Newspaper article THE JOURNAL RECORD

Interstate Banking Loophile Gets Banks Leap Federal Law

Newspaper article THE JOURNAL RECORD

Interstate Banking Loophile Gets Banks Leap Federal Law

Article excerpt

NEW YORK _ Banks are not standing idly by waiting for Congress to pass a law allowing them to establish branches across state lines.

Some are taking advantage of a legal loophole to get a jump on interstate banking, allowing them to cut costs by consolidating offices and letting them provide customers near state borders with more convenient service.

Philadelphia-based Corestates Financial Corp., Jersey City, N.J.-based National Westminster Bank and several other institutions have recently announced plans to combine banks in two adjacent states by using a legal provision that lets banks move their headquarters to another location within 30 miles, even if it's across state lines.

Lawmakers have been working for months on a bill that would let banks branch across state lines. But with Congress focused on the crime bill and health care reform, the banking bill has languished. There's little chance of it passing before Labor Day, industry experts said.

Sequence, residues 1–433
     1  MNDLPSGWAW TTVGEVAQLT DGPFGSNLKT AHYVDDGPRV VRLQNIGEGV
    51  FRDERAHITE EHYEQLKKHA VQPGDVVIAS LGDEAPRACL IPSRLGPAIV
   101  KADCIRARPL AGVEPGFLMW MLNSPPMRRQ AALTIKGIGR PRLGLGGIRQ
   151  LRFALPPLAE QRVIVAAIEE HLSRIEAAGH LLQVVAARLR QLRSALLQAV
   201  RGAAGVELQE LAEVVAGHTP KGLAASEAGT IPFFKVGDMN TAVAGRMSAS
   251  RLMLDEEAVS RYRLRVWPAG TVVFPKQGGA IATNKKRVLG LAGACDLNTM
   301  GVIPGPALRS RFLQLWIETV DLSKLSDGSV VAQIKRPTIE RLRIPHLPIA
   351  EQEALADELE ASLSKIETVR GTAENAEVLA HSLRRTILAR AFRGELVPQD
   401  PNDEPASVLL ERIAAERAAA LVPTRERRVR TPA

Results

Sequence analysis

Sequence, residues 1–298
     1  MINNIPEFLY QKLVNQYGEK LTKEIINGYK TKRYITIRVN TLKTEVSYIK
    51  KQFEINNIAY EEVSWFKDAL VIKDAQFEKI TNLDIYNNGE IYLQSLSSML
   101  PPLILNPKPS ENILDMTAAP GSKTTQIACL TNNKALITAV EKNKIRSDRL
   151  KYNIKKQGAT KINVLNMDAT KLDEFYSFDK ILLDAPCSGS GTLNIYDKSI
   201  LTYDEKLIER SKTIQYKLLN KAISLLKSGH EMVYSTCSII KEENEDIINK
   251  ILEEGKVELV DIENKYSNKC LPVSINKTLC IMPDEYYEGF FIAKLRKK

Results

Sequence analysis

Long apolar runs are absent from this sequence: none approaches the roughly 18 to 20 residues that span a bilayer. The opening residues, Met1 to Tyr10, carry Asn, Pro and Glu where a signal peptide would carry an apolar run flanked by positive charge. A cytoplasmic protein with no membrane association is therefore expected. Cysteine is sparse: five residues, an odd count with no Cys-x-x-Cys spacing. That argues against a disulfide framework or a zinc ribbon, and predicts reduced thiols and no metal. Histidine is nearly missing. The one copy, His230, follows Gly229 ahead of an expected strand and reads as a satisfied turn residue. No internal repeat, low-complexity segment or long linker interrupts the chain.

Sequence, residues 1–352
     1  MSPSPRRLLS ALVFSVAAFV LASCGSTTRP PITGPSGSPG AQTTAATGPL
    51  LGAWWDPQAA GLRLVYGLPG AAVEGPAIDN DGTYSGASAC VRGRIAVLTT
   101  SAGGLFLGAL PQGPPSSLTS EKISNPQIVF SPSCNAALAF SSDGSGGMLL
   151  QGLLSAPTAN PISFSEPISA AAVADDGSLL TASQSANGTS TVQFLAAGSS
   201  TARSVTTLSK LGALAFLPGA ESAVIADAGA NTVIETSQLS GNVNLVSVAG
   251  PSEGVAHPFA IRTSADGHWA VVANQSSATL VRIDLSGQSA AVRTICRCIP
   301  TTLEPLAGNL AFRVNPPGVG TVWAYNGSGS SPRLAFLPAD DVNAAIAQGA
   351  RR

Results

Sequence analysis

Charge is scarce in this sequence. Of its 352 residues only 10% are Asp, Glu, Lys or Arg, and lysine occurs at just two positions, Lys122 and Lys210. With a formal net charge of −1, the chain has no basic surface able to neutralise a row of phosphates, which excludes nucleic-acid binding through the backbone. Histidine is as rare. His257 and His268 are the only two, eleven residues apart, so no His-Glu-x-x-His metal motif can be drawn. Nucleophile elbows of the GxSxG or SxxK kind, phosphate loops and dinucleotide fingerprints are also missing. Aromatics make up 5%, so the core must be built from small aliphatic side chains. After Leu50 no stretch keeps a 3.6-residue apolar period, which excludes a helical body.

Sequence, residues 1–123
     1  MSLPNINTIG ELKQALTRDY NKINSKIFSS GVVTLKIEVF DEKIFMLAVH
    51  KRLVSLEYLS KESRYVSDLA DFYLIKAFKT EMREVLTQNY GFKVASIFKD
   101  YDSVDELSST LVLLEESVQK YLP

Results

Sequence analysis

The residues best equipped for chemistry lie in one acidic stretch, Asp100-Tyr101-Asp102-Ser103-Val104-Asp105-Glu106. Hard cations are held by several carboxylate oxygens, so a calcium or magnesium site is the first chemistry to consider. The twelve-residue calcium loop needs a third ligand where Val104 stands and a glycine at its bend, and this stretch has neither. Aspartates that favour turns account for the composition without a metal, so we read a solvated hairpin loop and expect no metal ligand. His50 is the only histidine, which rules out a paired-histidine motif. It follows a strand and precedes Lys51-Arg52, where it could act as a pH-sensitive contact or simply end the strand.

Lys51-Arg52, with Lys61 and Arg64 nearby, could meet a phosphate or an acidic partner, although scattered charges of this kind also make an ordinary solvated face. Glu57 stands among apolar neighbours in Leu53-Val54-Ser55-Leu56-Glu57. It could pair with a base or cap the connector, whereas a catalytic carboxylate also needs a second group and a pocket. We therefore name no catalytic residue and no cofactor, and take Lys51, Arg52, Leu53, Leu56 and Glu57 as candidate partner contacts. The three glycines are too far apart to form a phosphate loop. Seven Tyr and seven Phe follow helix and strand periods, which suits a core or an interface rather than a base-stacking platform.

The 30-mile law, in place since 1886 but only recently used to combine banks across state lines, provides a convenient alternative to waiting, bankers said.

"We decided there was no need to wait for the interstate banking bill," said Stephen M. Giroux, an attorney for Corestates.

The bank filed an application last week with the Office of the Comptroller of the Currency to merge its New Jersey subsidiary into its Pennsylvania bank. Corestates wants to relocate the legal headquarters of the Pennsylvania bank to Pennington, N.J., located 30 miles away, where its New Jersey subsidiary is based.

The conversion, which is expected to take place within six months, will be a boon to the 135,000 Corestates customers who work in one state and live in the other. Currently, those customers can only make deposits at bank offices in the state where they keep their account. They can, however, obtain cash from any Corestates automatic teller machine.

The deposit limitation is in place because under laws dating back to the Depression banks operating in more than one state must maintain a separate subsidiary in each state. Those subsidiaries have their own accounting systems and customer records and can only take deposits from customers whose accounts are instate. …

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